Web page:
FDA Links 9 Deaths, Rare Form Of Cancer, To Breast Implants

Image courtesy of MeneerDijk

When you introduce a medical device into your body, there’s always the chance that things could go awry: For example, a breast implant could shift, leak, or otherwise interfere with your health. Now, after years of studying the issue, the U.S. Food and Drug Administration says there appears to be a connection between breast implants and a rare form of cancer that has claimed at least nine lives.

The agency said this week that as of Feb. 1, 2017, it’s received 359 reports linking anaplastic large cell lymphoma (ALCL) with both silicone and saline breast implants. It’s impossible to nail down exactly how many cases exist, however, as the FDA says there’s a lack of worldwide sales data on implants and limited reporting of problems.

“All of the information to date suggests that women with breast implants have a very low but increased risk of developing ALCL compared to women who do not have breast implants,” the FDA says, noting that most cases can be treated by removing the implant and the capsule surrounding it, but some cases have required chemotherapy and radiation treatment.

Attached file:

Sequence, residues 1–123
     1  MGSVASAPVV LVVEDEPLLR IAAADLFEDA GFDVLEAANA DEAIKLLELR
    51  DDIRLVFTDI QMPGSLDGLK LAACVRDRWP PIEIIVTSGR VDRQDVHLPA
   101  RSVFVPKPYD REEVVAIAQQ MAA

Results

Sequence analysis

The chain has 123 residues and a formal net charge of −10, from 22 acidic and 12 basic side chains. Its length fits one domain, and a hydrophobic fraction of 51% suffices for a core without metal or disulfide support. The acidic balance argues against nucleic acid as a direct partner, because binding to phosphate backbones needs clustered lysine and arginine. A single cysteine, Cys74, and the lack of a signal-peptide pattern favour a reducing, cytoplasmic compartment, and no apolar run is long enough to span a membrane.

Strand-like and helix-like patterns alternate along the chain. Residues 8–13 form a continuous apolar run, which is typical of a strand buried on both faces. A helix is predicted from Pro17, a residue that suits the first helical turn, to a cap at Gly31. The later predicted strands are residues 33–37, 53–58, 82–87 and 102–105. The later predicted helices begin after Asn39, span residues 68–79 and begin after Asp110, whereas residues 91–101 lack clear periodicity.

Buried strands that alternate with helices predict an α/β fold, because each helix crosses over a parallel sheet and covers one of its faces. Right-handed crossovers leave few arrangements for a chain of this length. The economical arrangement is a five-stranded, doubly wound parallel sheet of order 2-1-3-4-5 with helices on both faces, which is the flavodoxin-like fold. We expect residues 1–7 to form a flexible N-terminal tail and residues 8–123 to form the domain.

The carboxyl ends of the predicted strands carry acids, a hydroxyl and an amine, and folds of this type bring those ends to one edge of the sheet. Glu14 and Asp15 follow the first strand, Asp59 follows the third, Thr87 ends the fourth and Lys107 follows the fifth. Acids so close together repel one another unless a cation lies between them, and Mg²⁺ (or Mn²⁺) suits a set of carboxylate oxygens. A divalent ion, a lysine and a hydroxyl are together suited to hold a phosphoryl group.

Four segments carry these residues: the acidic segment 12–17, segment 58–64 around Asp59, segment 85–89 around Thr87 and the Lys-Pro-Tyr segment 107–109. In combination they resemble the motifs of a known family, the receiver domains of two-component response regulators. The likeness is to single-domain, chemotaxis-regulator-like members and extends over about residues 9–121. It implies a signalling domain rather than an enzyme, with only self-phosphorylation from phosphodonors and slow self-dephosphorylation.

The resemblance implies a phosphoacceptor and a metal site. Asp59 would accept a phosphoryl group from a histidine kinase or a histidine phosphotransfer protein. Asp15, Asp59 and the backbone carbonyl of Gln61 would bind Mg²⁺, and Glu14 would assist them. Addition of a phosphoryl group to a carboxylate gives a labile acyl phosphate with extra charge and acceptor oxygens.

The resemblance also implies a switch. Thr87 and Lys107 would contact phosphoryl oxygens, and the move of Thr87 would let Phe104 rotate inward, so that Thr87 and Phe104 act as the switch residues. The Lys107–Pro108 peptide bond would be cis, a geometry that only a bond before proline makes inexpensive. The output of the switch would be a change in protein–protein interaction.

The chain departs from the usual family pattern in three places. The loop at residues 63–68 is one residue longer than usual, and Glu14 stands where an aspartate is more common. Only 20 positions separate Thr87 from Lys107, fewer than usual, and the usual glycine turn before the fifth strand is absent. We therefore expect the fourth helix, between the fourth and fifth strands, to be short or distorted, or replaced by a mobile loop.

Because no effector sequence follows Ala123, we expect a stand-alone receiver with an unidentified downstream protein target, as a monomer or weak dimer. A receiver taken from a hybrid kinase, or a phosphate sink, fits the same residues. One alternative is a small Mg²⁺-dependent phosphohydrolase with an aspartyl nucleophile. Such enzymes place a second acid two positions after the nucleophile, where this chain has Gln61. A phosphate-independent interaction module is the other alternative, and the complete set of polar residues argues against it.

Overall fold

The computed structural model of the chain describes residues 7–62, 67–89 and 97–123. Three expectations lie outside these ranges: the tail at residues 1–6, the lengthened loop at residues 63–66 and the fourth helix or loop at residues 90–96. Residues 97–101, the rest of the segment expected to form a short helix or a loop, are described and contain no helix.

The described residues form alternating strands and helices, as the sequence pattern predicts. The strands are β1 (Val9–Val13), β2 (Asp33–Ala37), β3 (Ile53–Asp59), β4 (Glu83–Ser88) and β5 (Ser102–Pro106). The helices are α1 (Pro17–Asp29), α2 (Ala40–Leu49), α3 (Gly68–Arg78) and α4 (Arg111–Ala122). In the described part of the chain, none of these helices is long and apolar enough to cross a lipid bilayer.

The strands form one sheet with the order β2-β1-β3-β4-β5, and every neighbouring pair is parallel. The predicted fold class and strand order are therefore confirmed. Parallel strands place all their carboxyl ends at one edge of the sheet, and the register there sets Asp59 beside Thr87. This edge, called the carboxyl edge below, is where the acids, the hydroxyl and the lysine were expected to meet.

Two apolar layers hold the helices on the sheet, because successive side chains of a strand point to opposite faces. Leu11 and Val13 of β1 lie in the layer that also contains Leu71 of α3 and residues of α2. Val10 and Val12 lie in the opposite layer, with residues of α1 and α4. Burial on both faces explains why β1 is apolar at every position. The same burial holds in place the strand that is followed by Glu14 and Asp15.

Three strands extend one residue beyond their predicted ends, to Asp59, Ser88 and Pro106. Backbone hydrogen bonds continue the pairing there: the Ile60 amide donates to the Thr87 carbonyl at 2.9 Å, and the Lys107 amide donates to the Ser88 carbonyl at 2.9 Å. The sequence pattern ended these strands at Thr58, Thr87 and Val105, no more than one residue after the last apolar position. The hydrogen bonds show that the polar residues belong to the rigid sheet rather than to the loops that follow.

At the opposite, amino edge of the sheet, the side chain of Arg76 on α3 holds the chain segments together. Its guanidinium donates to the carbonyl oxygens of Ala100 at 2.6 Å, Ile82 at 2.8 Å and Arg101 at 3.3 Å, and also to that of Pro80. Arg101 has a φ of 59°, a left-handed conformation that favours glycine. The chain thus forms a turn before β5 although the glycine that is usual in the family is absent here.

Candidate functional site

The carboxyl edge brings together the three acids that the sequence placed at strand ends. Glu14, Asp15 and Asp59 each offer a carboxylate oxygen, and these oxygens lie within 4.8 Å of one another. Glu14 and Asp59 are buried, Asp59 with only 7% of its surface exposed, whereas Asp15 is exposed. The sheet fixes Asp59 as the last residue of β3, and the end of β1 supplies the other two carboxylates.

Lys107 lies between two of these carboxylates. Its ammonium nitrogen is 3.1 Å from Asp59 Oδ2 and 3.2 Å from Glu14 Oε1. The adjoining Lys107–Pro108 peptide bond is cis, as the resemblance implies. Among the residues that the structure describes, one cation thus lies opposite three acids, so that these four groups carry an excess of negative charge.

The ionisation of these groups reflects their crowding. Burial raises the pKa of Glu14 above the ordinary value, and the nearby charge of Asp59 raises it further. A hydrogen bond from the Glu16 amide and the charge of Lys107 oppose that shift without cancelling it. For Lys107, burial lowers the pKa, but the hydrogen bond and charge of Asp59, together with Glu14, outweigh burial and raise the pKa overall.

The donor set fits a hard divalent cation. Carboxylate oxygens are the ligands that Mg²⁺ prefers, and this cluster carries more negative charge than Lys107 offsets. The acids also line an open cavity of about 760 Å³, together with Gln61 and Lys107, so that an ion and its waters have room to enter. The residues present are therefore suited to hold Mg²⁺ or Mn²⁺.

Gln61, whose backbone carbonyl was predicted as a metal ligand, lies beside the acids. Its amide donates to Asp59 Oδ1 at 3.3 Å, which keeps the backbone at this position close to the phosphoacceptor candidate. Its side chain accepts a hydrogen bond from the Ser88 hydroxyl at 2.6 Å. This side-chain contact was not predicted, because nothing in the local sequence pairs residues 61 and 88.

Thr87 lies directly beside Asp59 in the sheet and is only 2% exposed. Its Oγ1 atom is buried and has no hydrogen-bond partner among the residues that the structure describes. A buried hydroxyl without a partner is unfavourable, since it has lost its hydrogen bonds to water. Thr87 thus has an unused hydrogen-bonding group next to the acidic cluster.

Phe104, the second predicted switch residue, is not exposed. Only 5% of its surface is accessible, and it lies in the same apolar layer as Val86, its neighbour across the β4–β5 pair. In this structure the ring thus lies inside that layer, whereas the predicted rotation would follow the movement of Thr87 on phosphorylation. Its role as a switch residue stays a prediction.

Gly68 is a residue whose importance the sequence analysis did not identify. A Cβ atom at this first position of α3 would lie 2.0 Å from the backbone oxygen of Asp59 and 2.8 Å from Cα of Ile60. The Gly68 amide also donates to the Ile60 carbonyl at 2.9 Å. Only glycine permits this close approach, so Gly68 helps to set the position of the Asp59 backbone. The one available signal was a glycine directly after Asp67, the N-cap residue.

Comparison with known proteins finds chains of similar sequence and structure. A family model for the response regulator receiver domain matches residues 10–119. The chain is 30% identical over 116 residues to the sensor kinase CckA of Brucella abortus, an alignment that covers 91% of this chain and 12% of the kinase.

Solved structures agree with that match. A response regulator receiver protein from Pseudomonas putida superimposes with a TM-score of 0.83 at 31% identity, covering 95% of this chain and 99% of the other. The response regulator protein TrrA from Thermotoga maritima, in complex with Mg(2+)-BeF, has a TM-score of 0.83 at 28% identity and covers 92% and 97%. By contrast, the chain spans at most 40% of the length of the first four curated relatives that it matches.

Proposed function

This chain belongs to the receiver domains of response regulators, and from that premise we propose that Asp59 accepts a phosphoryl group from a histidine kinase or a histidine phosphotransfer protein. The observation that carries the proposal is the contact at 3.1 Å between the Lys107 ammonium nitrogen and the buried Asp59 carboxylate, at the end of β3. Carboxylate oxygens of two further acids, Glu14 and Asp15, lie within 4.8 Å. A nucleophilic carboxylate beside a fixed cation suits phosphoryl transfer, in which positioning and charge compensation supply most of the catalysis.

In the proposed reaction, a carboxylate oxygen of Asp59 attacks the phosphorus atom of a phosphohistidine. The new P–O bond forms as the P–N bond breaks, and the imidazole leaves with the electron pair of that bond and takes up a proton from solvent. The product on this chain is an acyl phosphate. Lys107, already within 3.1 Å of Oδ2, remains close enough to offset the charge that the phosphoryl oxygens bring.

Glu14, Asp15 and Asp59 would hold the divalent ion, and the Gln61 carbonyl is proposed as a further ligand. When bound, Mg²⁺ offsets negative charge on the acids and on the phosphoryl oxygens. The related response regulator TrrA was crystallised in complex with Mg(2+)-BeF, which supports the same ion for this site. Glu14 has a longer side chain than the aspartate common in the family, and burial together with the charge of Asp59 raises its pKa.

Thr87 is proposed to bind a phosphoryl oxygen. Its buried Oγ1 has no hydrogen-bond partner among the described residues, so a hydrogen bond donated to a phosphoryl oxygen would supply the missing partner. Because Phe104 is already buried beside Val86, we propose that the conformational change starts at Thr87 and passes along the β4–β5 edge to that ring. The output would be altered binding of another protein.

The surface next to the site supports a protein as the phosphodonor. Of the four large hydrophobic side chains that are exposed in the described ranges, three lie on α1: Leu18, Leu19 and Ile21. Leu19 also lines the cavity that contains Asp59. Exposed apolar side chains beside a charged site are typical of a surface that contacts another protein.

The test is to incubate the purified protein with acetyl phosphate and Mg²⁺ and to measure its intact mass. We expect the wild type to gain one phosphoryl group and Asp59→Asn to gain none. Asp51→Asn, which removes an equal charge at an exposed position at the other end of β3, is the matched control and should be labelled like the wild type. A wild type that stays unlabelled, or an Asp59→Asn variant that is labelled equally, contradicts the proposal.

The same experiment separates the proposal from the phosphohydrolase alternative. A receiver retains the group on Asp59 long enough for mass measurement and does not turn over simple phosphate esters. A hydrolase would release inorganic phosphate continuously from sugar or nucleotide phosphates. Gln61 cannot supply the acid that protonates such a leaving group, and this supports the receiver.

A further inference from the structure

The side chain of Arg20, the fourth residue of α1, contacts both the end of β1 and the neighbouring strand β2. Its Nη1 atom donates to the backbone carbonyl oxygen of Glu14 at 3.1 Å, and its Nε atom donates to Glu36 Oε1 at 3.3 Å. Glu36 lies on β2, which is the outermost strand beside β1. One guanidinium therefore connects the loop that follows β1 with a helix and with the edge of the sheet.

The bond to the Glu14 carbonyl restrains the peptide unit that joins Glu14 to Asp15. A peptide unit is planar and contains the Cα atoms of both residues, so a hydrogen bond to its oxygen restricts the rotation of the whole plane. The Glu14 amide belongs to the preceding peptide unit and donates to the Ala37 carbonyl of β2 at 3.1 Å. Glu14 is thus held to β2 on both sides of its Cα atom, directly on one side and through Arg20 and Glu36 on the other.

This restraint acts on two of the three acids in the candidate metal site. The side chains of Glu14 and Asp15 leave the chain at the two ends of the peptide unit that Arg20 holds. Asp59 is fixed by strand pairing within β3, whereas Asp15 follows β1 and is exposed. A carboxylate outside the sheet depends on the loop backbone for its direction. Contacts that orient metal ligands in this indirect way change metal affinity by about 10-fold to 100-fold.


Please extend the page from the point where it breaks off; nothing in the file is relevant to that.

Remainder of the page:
While it doesn’t seem to matter what’s inside the implants, the outside texture could be a factor in causing ALCL: Of the 231 reports that included information on the implant surface, 203 were reported to be textured implants and 28 reported to be smooth implants, says the FDA.

It’s not known why the surface of an implant would be a risk factor, but one plastic surgeon and researcher explains to The New York Times that the body has a different reaction to textured implants than it does to smooth implants, because tissue grows in the microscopic grooves of textured implants.

“When we take these out, you can hear a peeling sound,” Dr. Alex K. Wong told the Times. “Whereas with a smooth implant, it’s like Jell-O. You can spin it around. It moves really easily.”

The FDA recommends that women getting implants should be aware of the potential problem with textured implants.

“Before getting breast implants, make sure to talk to your health care provider about the benefits and risks of textured-surface vs. smooth-surfaced implants,” the agency says.

If there are no problems, there’s no reason to remove an implant, the agency notes, adding that the lymphoma appears to be very rare.

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